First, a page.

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44a

Controlling Orientations of Immobilized Oligopeptides Using N-Terminal Cysteine Labels

Xinyan Bi and Kun-Lin Yang. Department of Chemical and Biomolecular Engineering, National University of Singapore, 4 Engineering Dr 4, Singapore, 117576, Singapore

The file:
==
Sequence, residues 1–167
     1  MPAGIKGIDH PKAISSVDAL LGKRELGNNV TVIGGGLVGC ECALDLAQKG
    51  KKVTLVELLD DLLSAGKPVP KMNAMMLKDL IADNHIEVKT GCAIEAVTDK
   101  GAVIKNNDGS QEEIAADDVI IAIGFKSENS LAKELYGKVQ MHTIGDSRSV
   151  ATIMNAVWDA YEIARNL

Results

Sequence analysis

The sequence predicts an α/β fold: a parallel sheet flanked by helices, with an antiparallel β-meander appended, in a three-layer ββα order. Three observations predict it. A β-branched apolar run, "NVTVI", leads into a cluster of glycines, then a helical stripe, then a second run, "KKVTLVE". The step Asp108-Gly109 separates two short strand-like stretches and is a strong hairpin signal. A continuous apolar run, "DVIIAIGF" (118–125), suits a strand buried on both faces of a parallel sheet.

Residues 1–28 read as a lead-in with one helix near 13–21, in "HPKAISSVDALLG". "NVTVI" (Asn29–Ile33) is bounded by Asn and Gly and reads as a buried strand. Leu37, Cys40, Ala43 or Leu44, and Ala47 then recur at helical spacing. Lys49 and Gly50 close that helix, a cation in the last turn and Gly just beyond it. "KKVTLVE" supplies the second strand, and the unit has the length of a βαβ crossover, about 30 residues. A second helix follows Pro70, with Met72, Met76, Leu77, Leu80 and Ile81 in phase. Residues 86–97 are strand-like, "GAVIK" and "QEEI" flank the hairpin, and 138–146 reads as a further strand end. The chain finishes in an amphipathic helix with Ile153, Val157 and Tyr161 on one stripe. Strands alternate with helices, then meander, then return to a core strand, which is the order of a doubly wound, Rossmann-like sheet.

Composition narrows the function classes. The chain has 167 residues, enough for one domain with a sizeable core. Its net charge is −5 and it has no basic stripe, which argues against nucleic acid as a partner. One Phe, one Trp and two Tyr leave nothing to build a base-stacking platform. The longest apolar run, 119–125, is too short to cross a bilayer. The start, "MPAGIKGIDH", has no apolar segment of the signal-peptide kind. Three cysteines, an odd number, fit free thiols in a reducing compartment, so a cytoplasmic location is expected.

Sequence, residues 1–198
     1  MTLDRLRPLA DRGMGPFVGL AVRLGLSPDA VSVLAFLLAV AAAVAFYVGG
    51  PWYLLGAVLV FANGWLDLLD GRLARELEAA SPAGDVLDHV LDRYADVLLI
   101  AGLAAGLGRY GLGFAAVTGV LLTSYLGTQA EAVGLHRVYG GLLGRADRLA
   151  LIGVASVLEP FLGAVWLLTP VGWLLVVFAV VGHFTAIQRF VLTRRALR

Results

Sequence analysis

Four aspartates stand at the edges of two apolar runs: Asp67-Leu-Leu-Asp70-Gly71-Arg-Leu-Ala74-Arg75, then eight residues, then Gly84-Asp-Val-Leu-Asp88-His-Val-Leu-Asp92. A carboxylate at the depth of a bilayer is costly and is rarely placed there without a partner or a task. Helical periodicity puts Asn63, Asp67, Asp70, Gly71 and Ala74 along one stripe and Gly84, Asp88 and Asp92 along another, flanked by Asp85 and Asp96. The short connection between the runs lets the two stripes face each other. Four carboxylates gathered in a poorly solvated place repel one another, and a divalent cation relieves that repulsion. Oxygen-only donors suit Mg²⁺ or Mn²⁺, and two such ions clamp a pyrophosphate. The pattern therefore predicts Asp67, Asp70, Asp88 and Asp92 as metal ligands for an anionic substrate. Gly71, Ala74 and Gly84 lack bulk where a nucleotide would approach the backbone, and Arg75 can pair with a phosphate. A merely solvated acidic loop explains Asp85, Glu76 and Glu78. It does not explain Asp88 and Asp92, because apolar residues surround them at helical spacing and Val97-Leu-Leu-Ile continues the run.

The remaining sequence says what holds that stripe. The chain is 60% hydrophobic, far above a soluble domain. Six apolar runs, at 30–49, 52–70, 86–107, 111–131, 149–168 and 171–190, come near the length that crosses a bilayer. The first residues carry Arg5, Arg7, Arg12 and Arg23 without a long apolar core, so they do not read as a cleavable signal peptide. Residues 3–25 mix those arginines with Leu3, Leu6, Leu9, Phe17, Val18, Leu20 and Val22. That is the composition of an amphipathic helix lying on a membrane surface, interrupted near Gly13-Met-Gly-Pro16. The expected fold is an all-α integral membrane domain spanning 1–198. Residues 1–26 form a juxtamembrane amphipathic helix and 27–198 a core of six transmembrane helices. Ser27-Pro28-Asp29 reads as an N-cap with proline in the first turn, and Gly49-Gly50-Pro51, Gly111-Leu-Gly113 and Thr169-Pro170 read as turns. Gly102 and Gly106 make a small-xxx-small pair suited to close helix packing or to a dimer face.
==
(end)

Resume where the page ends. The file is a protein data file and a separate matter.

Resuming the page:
We present a strategy of using N-terminal cysteine labels for controlling the immobilization of oligopeptides on aldehyde-terminated surfaces through the formation of stable thiazolidine rings in this presentation. We study the effect of cysteine position (either N-terminal or C-terminal) and lysine residue on the immobilization of oligopeptides. Based on our ellipsometry and quartz crystal microbalance (QCM) results, we conclude that the proposed immobilization strategy is highly site-specific. It only works when cysteine is in the N-terminal position, and the formation of thiazolidine is much faster than the formation of imines between lysine residues and aldehydes, even in the presence of a reducing agent such as NaBH3CN. By labeling an oligopeptide CSNKTRIDEANNKATKML with an N-terminal cysteine, we immobilize this oligopeptide on an aldehyde-terminated surface and investigate the enzymatic activity of trypsin acting on the oligopeptide. It is found that trypsin is able to cleave the immobilized oligopeptide having a single anchoring point at the N-terminal cysteine. No cleavage is observed when the oligopeptide is immobilized through multiple anchoring points at lysine residues.